zester grater

4. Spiralizer
This has been one of the trendiest kitchen gadgets. Because the spiralizer typically has different blades, you can create a variety of different shapes with veggies like these zucchini ribbons which are a nice alternative to pasta. This is a great gadget to have on hand or those picky eaters in your family. Try it with zucchini, carrots, cucumbers, beets and sweet potatoes. It can make eating veggies a lot more fun.

spiralizer

5. Sheet pan
This is like a baking sheet or cookie sheet with a rim around all four edges so that any juices won’t spill out. The great thing about a sheet pan is that you can cook your protein and veggies all on the same pan (which means just one pan to wash!) Roasting veggies brings out their natural sweetness. The fat from the protein on the sheet pan actually adds moisture and flavour to the veggies around it.

sheet pan

California Fig and Coconut Overnight Oats

Overnight Oats figs - 1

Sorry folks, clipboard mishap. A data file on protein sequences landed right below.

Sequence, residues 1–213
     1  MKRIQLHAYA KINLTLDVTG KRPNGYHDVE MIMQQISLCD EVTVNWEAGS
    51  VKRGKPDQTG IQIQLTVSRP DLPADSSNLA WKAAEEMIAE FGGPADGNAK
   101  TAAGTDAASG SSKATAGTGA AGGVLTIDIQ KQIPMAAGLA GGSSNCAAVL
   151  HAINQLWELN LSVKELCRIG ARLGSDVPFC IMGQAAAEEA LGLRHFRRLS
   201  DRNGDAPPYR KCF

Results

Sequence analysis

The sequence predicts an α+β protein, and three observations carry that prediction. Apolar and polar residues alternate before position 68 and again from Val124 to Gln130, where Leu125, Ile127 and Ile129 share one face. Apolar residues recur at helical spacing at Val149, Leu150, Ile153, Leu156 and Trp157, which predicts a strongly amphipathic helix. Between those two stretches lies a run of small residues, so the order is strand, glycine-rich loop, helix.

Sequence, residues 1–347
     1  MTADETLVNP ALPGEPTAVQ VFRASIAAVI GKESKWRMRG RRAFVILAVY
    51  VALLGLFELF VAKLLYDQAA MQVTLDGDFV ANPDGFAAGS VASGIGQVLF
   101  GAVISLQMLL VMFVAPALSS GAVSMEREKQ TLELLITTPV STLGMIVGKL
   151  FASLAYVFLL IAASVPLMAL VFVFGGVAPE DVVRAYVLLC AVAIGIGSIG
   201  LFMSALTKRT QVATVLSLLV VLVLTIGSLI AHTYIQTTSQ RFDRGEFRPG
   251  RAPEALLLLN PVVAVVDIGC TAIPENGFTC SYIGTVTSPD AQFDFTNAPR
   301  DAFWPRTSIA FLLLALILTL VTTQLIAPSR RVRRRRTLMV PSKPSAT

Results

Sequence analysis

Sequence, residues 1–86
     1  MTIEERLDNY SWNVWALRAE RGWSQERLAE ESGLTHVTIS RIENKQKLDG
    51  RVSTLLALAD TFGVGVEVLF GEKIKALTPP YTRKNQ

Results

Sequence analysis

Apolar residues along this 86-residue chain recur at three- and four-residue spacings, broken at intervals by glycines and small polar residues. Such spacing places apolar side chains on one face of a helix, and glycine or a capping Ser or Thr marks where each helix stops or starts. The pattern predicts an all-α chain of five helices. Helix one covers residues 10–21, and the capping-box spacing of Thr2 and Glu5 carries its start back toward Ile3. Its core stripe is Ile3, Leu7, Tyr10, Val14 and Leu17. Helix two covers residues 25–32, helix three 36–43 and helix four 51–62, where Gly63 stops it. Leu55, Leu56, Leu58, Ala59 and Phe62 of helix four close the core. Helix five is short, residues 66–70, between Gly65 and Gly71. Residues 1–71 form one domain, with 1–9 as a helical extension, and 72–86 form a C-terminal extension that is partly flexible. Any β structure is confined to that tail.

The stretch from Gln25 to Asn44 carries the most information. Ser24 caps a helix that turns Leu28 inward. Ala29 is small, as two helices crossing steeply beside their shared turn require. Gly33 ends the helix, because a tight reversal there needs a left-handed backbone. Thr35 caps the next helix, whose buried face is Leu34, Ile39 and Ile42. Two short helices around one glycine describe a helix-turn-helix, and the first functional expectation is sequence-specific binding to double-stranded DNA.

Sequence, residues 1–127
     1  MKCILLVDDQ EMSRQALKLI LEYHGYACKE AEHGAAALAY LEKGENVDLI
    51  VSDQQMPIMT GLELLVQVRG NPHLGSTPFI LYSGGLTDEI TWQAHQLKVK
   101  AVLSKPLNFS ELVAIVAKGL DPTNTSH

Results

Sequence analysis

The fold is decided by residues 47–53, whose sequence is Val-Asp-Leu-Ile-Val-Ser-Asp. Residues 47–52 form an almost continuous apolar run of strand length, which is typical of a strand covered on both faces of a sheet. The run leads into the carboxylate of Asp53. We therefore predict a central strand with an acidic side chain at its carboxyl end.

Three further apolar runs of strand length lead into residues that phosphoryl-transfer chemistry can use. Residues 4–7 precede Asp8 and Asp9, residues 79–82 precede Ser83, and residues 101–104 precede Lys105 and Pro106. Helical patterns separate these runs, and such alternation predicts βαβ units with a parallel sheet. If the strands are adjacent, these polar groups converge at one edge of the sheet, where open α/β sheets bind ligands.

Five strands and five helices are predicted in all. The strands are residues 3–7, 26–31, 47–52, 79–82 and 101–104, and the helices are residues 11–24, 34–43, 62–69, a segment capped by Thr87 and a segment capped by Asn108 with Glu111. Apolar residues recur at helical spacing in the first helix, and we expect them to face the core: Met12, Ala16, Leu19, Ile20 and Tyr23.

With my on-the-go lifestyle, I’m always looking for wholesome, nutritious meals especially for breakfast. I’m a fan of overnight oats because it’s a no-cook, easy to make, grab-and-go kind of recipe. I first had a taste test of this delicious recipe at a media event hosted by California Figs. Available all year round, California dried figs are either Dried Black Mission figs which have a deep earthy flavour, or Dried Golden Figs which taste a bit sweeter. You can use either type of dried fig in this recipe for a natural sweetness as well as fibre, calcium and magnesium.

California fresh figs are available from May to December. Can’t wait! Nearly 50% of California fresh figs are exported to Canada. Since 2013, 75 new products containing figs were introduced into the market. Expect to see even more product and recipe innovations as fig has been named the flavour of the year for 2018 by Firmenich, a Swiss fragrance and flavour company.

California Fig and Coconut Overnight Oats

Ingredients
½ cup rolled oats
½ cup milk
1/3 cup plain low-fat yogurt
1 T chia seeds
2 tsp pure maple syrup
¼ cup (3-5) California Dried Golden or Black Mission figs, stemmed and chopped
1 T unsweetened shredded coconut
Optional garnish: ½ dried fig, 1 tsp unsweetened shredded coconut

Directions
Put the oats, milk, yogurt, chia seeds, maple syrup, figs and coconut into a 12-ounce jar or bowl. Stir well. Cover and store in the refrigerator overnight. Stir again just before serving and top with optional garnish.